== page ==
If you’re a blogger that also follows a ton of other bloggers, then you’ve probably heard more than your fair share of mantras that have made you feel good about yourself:
You’re special. You’re unique. You’re meant to do great things. You’re worthy. You’re so special that you can follow your heart and make all of your dreams come true, no matter what stands in your way.
Most bloggers love preaching that being authentic and not worrying about pleasing others will make you happy, productive, successful, and rich enough to travel around the world, all the while posting glamorized versions of their lives through filtered photos and soothing words. While it is nice to see people taking charge of their own life paths instead of doing what’s expected of them in a competitive, scarcity-based socioeconomic system, it’s important to practice radical self-reflection, instead of just tell yourself platitudes that placate your aching heart when you’re feeling guilty, regretful, or simply terrible about yourself for not measuring up to others.
These bloggers like to say that you (along with everyone else) are special and worthy and capable of being like Steve Jobs (or some hugely successful entrepreneur with a popular success story), if only you could get up at 5 AM, show how authentic you are, tell people to stop worrying about pleasing others, and have the “right mindset.”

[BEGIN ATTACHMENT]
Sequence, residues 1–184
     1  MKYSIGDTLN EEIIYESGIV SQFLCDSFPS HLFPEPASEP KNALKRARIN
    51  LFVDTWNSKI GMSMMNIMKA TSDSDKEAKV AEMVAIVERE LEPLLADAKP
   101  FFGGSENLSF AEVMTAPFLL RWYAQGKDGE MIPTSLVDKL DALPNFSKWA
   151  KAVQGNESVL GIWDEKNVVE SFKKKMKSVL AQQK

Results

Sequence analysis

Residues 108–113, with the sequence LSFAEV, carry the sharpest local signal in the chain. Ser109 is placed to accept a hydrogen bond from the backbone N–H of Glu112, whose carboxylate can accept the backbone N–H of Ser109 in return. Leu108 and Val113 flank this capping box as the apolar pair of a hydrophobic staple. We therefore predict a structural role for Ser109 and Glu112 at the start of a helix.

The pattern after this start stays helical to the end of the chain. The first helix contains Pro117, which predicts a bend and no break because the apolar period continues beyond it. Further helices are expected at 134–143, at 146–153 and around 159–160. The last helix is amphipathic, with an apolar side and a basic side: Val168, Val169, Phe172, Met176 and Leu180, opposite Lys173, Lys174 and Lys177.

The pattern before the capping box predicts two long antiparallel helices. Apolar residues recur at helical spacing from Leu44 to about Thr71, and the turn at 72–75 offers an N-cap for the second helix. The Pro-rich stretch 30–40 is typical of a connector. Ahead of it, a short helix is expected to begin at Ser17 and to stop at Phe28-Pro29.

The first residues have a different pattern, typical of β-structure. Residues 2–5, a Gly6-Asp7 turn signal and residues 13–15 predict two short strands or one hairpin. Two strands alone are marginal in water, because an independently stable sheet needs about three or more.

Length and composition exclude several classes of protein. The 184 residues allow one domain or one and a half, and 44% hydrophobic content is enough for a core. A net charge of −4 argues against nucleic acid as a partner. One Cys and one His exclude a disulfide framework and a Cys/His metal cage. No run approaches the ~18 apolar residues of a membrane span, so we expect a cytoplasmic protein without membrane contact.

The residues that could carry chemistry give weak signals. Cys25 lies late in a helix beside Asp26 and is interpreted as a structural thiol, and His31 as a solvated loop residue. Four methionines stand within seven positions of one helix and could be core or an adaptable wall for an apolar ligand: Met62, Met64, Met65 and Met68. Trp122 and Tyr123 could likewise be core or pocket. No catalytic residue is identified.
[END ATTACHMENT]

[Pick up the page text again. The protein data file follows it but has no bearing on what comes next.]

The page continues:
I’m sorry, but they are doing you a huge disservice.
This is why so many people on the Internet waste money on tons of blogging and marketing courses and learn nothing new (only things that are already on the Internet for free), while “successful” bloggers with millions of followers pocket that money and travel to Thailand or Bali and sip on pineapple coconut martinis (or whatever the hell they post photos of). They lure you in with emotionally-charged stories of suffering from their soul-sucking corporate jobs and claim that there is a way to escape and become a great person just like them, fulfilling their dreams of wanderlust and creating a legacy for others to remember. They preach creativity and authenticity but brag about the end results of their work, which involves nothing more than posting envy-inducing photos of exotic places to travel, a carefree lifestyle, luxurious food and clothes, and trite and empty words about how special they are — and how special you can be too. This is why these kind of bloggers with thousands of followers still make you feel bad while making you fall in love with the idea of who they are and their unattainable dream life.
They claim that you can be just like them on one condition: you need to pay for their courses, eBooks, or monthly coaching packages in order to unlock their secrets and create a lifestyle that they have, things like being able to make work fun at all times and being endlessly productive by churning out words that people want to hear.
This is why people recycle redundant content around the internet and emptily repeat, “You’re special, you’re unique, you’re authentic, you deserve to make your dreams come true, just follow your heart and everything will be alright…” in hopes that you’ll follow them, because apparently those words have magnetizing powers of flattery and offer you an escape from real-life struggles, which causes you to fall for them, along with millions of others.